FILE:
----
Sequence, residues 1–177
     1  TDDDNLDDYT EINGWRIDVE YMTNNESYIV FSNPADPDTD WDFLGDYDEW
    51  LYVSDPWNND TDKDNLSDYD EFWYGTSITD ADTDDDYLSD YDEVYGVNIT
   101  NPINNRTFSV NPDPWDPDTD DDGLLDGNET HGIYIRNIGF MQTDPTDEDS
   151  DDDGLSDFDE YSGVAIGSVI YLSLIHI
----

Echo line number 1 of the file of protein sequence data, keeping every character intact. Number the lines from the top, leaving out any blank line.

Sequence, residues 1–177